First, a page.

“This proposition is outside the field of possible experience, and therefore beyond the limits of all human insight.”

  6. AY-

    You must be thinking of the aluminum statue of the “Spirit of Justice”, the bare-breasted Art Deco female embodiment of justice. It stood on view in the auditorium of the Department of Justice until it was hidden behind an $8,000 blue curtain during the reign of the hymn-singing Attorney General John Ashcroft. Of course, we all remember the embarrassing incident when AG Ashcroft was discovered apparently fondling the bare aluminum breast. It was later revealed that prankster George W. Bush had told the AG that the breast could be unscrewed by turning it counter-clockwise and that it was filled with M&Ms.

  7. , “…i.e. equating atheism with rationality and religion with irrationality…”

    It isn’t framing. those are facts. I didn’t equate the pairings, the indesputable facts of their definitions do that. Faith is the antithesis of logic and rational thought. It is, therefore irrational and illogical. It does not require and in fact often resists reason (as in the example of the cross-shaped girders found in the rubble of the WTC buildings) and operates aside from, often blissfully devoid of and in opposition to facts. It cannot be compared to logic, reason or a factual analysis of the question. Theists’ attempts to redefine or dislodge the pairings is a disingeuous and futile effort to bring illogical irrational faith to parity with reason. The fact is that saying it doesn’t make it a fact. The above pairings are facts.

    Until shown facts to support theism, there is simply no good reason to deliberately engage in that fantasy. We teach our young kids about God, Santa, the tooth fairy and the Easter Bunny and then make them disbelieve all but one of those fantasies. With all the options human history has offered for gods to believe in, when theists figure out the logic of why they rejected all the others, they’ll understand why I reject that last one as well.

  8. Apropos of Henman, Greenwald in Salon has an excellent argument on why the Ron Paul candidacy is important, and it leads to other similar, interesting articles by Matt Stoller and Conor Friedersdorf with an interesting tweet by Katrina Vanden Heuvel.

    Each of these articles takes on directly the newsletters and explains the important failure represented by the newsletters as well as discussing how we’re being fooled by the focus on the newsletters and why.

  9. Bob,Esq.,

    Dog-gone it, Bob. If we’re going to have a really meaningful discussion on religion and man and use the edification brought to the subject by persons like Kant … why must it be on New Year’s Eve when I have so damn much work to do?!!

    The proper proportioning of happiness to virtue for all moral agents taken with the perjury example Kant used thus trying to lead a moral life and finding oneself faced with a dilemma in which the practical use of reason produces a contradiction in the object of willing … damn good stuff!! And I have no time!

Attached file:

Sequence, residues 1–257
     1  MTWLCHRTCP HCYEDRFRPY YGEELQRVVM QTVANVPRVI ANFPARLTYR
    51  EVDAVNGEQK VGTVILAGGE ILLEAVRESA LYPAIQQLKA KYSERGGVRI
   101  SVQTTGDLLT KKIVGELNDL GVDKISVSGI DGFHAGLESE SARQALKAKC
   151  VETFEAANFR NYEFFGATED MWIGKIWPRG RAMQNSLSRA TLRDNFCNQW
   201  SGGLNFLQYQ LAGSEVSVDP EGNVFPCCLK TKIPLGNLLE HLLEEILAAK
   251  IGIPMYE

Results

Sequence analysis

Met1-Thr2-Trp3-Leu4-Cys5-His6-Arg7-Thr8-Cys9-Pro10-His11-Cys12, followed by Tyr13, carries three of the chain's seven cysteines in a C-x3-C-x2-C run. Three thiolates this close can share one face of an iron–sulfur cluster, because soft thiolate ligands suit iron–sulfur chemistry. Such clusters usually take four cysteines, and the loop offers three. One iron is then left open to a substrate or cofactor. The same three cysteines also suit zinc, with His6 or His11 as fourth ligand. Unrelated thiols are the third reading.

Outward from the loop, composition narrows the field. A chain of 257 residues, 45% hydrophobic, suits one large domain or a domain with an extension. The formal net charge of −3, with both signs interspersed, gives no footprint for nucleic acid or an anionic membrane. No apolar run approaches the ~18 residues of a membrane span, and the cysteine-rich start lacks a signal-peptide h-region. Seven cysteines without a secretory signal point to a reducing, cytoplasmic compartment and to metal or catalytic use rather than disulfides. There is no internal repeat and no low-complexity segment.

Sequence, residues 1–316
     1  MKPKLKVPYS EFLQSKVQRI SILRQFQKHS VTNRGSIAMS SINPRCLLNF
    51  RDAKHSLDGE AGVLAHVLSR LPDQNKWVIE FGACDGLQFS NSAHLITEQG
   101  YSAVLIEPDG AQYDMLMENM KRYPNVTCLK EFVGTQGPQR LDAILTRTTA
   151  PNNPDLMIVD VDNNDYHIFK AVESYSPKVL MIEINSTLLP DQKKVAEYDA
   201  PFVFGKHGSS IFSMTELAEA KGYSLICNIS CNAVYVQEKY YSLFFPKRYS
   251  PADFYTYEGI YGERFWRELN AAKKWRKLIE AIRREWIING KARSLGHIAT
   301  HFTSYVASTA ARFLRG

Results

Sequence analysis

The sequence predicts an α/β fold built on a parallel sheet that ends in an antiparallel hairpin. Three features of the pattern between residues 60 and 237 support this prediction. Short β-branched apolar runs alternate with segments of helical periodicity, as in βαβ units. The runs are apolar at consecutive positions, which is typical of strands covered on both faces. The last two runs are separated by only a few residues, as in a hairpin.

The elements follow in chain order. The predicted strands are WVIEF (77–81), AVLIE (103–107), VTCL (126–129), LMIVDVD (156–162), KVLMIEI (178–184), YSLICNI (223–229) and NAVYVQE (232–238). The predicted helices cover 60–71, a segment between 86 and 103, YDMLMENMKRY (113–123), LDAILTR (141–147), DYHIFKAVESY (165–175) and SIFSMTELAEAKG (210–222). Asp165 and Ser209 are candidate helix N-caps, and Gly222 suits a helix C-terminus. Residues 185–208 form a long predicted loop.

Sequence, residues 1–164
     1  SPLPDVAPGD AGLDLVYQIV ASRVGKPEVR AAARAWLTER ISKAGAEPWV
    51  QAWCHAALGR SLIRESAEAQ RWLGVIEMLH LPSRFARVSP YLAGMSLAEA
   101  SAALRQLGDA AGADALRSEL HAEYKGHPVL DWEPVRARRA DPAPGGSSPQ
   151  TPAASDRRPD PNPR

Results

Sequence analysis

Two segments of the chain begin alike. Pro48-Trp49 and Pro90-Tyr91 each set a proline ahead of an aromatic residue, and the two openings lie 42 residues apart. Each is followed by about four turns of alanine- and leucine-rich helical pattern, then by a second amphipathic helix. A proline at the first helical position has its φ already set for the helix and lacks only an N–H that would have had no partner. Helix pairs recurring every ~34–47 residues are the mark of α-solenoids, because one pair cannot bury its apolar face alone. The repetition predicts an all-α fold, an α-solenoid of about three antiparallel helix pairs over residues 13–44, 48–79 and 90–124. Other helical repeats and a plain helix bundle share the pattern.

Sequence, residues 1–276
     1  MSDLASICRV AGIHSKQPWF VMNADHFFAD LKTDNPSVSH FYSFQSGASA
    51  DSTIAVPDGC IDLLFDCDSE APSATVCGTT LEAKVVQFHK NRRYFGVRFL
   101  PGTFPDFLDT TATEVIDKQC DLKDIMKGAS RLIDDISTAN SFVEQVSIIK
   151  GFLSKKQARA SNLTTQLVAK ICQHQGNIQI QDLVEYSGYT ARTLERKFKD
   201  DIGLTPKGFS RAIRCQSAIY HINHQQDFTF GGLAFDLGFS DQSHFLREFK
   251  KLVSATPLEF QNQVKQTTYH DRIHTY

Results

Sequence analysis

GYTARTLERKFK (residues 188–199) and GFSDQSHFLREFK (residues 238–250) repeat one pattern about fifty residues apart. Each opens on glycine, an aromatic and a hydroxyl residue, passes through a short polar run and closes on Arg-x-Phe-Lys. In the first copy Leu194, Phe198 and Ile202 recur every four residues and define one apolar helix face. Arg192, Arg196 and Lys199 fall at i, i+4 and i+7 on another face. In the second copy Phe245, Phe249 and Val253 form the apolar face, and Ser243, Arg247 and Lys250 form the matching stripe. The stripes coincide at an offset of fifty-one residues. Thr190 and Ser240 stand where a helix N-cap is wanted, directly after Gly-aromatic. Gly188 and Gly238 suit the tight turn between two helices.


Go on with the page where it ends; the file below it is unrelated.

(And then, then we have the self-serving corruption that is the mark of radical evil explained in the light of organized religion … )

    I swear, that Nal has more than just a bit of the devil in him! 😉

    Happy New Year, darlin’ and I must get back to the kitchen.

  10. rcampbell,

    Absence of evidence is not evidence of absence. By framing the argument in terms of definition, i.e. equating atheism with rationality and religion with irrationality, all you’ve done is attempt to dodge the point Kant was making regarding the limits of pure reason.

    Loosely translated: “A man’s got to know his limitations.”

    Not to mention the fact that you’ve resorted to quite a few informal fallacies in your argument as well; e.g. false dichotomy, appeal to ignorance, etc.

  11. “…as reason is incompetent to arrive at affirmative assertions in this field, it is equally unable, indeed even less able, to establish any negative conclusion in regard to these questions.”

    Why is reason ” incompetent to arrive at affirmative….(or)…any negative conclusion in regard this question?” Why further would reason be considered “even less able”? Those seem quite self-serving statements for believers to try to frame the conversation but they lack any justification.

    It is by applying the simplest of test of reason and thereby completely reasonable for us to conclude that unless and until concrete evidence of the affirmative is provided, it is undeniably unreasonable, illogical and without any imperical basis to arrive at the affirmative. Therefore the negative is the only possible reasoned and reasonable conclusion.

    The concept of faith by definition is anethema to fact, reason or logic. Faith defies and ignores logic and reason. That by itself doesn’t make faith a bad thing, but it should not be given consideration on the same level as reason. Faith is far more akin to fantasy or whimsy or desire or wishfulness. These are all fine ways to occasionally spend time and mental energy, but cannot be considered on a par with fact, reason or atheism.